Did you know that the ideal time between receiving a candidate application and sending them a contract proposal is three weeks?

And that the best candidates go through four different interview rounds?

Most startups took three weeks to plan these four interview rounds:

  1. Round 1: Exploratory Interview

  2. Round 2: Culture Interview

  3. Round 3: Skills Interview

  4. Round 4: CEO Interview

But, we will explore that in the second part of this newsletter. Let’s start with how they found their candidates.

“Recruitment begins with identifying the need for an extra pair of hands. Someone to help your company grow. Then, you briefly describe a candidate profile for the role that you’re looking to hire.”

— Thomas Van Maele (Co-founder & CEO at Harmoney)

Depending on the growth phase of your startup, the person who creates a candidate profile varies:

  • In an early-stage startup (<25 people): the founder or management team will be in charge.

  • In a bigger startup (>25 people): the team lead and HR manager will do so.

“After we set up a candidate profile, we write a compelling job description to spread the message that we’re looking to hire a specific role.”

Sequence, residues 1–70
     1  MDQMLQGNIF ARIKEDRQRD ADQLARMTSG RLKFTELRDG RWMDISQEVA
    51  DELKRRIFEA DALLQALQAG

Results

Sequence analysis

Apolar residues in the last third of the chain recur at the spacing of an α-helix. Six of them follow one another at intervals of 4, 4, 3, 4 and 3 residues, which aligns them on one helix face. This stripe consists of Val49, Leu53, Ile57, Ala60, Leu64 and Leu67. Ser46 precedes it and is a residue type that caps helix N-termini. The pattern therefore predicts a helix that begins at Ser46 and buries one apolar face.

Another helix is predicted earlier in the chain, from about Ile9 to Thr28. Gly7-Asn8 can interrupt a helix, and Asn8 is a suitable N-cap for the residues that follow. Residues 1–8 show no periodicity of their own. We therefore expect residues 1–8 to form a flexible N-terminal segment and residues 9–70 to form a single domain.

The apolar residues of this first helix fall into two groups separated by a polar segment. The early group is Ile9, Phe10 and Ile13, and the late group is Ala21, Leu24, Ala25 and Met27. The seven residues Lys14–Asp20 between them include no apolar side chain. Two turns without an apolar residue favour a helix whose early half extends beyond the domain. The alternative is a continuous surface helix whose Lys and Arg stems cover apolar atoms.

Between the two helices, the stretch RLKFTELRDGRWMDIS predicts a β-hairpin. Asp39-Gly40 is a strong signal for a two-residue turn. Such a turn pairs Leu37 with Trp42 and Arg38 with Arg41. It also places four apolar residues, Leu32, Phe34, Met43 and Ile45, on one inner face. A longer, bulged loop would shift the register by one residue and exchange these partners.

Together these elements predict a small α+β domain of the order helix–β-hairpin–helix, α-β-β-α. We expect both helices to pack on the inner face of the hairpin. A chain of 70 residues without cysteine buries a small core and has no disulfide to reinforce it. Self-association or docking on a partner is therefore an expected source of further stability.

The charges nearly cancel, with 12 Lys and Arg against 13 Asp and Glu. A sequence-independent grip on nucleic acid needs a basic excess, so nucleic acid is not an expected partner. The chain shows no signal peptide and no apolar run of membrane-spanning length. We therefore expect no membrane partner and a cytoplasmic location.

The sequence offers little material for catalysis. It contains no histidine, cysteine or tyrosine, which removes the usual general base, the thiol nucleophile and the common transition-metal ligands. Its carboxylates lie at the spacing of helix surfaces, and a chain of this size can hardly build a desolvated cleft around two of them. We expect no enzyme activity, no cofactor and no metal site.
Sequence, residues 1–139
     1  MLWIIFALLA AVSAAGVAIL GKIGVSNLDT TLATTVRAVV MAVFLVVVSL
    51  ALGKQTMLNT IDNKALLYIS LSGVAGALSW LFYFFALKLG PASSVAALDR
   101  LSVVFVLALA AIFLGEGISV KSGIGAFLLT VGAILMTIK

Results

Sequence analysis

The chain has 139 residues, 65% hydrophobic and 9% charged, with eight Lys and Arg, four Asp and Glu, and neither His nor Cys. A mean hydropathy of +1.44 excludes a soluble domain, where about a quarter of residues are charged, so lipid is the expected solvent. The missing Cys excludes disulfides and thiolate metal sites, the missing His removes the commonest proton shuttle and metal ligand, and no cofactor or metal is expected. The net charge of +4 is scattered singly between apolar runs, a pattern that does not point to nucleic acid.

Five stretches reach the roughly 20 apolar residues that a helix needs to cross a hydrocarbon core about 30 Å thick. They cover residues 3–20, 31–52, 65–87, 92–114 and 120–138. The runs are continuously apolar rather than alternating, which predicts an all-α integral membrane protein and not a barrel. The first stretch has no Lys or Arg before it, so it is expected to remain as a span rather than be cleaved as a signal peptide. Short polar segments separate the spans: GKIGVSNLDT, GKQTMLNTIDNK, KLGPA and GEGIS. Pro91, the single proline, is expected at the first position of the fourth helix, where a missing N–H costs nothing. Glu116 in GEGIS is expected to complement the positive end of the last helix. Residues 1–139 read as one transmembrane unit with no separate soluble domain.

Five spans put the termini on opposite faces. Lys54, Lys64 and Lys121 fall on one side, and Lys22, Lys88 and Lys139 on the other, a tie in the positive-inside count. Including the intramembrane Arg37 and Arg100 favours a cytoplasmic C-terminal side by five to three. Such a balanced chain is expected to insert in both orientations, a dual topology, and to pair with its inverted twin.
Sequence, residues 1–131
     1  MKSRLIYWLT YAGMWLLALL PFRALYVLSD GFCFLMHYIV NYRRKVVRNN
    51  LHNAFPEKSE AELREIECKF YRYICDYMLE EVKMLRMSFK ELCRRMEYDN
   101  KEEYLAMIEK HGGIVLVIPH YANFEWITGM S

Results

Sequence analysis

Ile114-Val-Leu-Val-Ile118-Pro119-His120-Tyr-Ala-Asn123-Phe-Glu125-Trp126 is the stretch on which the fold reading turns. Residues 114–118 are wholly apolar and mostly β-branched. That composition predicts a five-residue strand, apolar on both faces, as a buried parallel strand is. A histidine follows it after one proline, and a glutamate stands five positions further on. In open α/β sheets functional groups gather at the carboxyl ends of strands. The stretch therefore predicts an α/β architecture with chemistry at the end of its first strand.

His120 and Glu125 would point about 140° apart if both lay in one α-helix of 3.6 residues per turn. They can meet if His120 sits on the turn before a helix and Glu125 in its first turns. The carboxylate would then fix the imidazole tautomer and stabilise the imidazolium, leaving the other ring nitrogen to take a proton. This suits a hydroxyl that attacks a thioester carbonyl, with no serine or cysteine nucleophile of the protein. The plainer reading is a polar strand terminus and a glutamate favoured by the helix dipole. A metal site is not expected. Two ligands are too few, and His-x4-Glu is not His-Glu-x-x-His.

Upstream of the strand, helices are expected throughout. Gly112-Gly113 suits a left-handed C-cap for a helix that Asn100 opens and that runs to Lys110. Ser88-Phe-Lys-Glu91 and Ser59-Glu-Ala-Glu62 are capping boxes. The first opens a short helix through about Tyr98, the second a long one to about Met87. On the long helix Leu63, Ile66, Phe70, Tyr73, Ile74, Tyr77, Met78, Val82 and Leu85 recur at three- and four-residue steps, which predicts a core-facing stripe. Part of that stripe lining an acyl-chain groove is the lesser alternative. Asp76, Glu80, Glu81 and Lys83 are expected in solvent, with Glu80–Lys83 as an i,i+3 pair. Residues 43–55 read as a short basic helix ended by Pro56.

— Jeremy Bonnevalle (Co-founder at Fourcast)

Most interviewed founders structure their job descriptions like this:

  • Company mission, 

  • The role you are looking to hire,

  • What the candidate will be doing,

  • Why others choose to work at your company,

  • What the requirements are of the candidate,

  • What you offer the candidate.

I recommend reading one of these job descriptions to compare how others wrote it: Yesplan, Nodalview, and FleetMaster.

Once it’s clear what the person should be capable of doing, it’s time to start searching for candidates. Let’s bring in that talent!

One of your fellow readers sent me the following question:

Where do I find the right candidates, and which platforms do I use?”

(Want to have an impact on my next newsletters? Send me your challenges, and I will go on the road to interview European founders in my network.)

In the interviews, I discovered two main strategies to find the right candidates: